By Jason Fry
Last Update: April 25, 2022. Originally published June 2, 2020.
Are you a business that on-boarded employees remotely due to COVID-19 restrictions? If so, you should consider making arrangements to account for Department of Homeland Security (DHS) Form I-9 compliance.
On March 20, 2020, DHS announced flexibility in Section 2 requirements due to COVID-19 stay-at-home orders. The changes allow employers to waive the “in-person” inspection requirement for Section 2. Instead, they can inspect the documents remotely using methods like video link, fax and email. While “remote verification” may be convenient, businesses should consider compliance requirements when using this option, including:
On May 26, 2021, ICE announced another extension to the flexibility in “remote verification.” The new guidance provided by ICE states, “The current extension includes guidance for employees hired on or after June 1, 2021, and work exclusively in a remote setting due to COVID-19-related precautions. Those employees are temporarily exempt from the physical inspection requirements associated with the Form I-9 until they undertake non-remote employment on a regular, consistent, or predictable basis or the extension of the flexibilities related to such requirements is terminated, whichever is earlier.”
On April 25, 2022 ICE announced an extension of the flexibilities until October 31, 2022, due to the continued precautions related to COVID-19. On April 25, 2022, ICE announced another extension until Oct 31, 2022.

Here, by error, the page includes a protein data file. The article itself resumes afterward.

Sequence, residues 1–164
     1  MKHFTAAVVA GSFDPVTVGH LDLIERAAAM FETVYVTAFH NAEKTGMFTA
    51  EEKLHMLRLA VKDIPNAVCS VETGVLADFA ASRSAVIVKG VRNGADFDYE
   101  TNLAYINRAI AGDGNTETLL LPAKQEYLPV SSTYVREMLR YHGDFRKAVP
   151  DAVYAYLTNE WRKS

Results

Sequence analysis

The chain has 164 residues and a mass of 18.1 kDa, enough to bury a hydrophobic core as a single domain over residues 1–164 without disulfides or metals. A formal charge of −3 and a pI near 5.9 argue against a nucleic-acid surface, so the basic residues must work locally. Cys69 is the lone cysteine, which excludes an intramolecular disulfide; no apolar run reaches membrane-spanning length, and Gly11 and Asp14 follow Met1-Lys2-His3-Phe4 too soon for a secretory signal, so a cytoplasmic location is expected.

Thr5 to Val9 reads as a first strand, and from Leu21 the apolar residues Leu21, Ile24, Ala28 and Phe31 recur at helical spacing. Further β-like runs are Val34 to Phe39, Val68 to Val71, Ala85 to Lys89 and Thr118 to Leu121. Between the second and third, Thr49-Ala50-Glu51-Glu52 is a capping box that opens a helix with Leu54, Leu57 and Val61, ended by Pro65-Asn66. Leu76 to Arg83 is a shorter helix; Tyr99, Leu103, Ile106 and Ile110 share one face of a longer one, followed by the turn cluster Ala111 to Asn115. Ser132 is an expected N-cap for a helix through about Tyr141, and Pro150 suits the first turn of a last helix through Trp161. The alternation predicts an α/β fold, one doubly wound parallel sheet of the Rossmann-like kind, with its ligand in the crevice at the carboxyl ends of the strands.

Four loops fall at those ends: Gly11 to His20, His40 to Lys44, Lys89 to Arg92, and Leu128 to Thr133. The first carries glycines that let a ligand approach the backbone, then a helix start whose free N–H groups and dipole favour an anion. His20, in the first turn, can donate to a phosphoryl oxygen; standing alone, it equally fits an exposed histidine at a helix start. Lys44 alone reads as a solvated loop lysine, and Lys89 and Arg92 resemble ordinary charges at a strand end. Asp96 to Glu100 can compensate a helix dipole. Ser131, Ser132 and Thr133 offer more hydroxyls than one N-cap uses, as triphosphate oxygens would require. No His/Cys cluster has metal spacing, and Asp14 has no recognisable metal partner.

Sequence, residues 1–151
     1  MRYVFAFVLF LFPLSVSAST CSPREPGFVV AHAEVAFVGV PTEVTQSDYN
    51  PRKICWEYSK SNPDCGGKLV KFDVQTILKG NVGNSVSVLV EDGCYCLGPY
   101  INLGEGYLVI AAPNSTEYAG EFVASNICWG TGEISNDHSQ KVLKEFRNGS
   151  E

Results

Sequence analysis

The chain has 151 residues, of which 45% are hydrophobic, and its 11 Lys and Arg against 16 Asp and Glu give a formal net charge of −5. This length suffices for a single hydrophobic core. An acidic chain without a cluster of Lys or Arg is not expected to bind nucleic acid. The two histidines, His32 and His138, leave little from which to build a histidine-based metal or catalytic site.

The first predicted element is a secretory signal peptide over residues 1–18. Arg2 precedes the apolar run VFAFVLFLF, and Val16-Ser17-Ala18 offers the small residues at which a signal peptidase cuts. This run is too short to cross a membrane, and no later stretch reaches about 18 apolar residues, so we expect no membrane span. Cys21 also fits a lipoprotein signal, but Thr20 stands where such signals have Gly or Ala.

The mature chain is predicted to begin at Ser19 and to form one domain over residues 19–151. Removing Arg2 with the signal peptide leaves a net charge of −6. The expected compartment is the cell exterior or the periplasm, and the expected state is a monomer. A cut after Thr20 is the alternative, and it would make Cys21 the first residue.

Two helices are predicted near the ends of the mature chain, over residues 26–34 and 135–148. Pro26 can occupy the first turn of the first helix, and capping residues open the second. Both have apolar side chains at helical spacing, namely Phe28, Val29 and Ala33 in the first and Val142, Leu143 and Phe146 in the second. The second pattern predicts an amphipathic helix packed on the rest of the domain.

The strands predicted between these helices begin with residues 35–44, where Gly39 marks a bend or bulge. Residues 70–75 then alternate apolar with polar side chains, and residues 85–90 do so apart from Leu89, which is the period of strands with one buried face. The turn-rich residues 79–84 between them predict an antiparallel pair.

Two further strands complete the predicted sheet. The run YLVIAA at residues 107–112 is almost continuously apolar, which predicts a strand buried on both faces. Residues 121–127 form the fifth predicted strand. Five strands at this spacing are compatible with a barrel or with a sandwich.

When normal operations resume, employers will have limited time to organize face-to-face meetings with new-hires to inspect Section 2 documents. All employees who were on-boarded using remote verification will have three business days to present identity and employment eligibility documentation.
As mentioned earlier, another option to “remote verification” as allowed by DHS during COVID-19 times is the use of authorized representatives for completing Section 2. Many organizations hiring remotely already use this option. However, employers choosing to use authorized representatives—including a foreman or friend—may open the door to potential liabilities if Section 2 is not properly completed.
If taking advantage of the remote verification flexibility, employers should prepare for the in-person document review. Here a few helpful tips:
Employers should also consider how employing remote I-9 technology, such as I-9 Anywhere, can help to limit risks and meet the in-person document review requirements quickly. One Workforce Solutions client discovered first-hand how the convenience of I-9 Anywhere was able to fill an urgent need during the COVID-19 pandemic. The client was gearing up to onboard more than 3,000 employees, but with the HR team working from home, the organization turned to Workforce Solutions to help get Form I-9 completed using I-9 Anywhere local completers. Pleased with the experience, the client has decided to expand its use of the I-9 Anywhere service. Request a demo of I-9 Anywhere to see how your organization can leverage the service to help you get your I-9s completed right, on-time and in-person.
Check out our webinar, What’s Now and What’s Next: I-9 and E-Verify, for the latest updates on the temporary Form I-9 and E-Verify guidance.
The information provided is intended as general guidance and is not intended to convey any tax, benefits, or legal advice. For information pertaining to your company and its specific facts and needs, please consult your own tax advisor or legal counsel. Links to sources may be to third party sites. We have no control over and assume no responsibility for the content, privacy policies or practices of any third party sites or services.